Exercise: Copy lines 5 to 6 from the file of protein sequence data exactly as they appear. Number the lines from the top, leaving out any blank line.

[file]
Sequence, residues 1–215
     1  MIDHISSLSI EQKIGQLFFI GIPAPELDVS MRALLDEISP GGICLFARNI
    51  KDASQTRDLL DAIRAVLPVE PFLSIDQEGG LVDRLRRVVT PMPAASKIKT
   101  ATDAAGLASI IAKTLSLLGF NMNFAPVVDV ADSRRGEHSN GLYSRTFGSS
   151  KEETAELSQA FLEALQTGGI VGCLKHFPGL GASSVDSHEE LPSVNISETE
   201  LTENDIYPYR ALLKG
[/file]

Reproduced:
   151  KEETAELSQA FLEALQTGGI VGCLKHFPGL GASSVDSHEE LPSVNISETE
   201  LTENDIYPYR ALLKG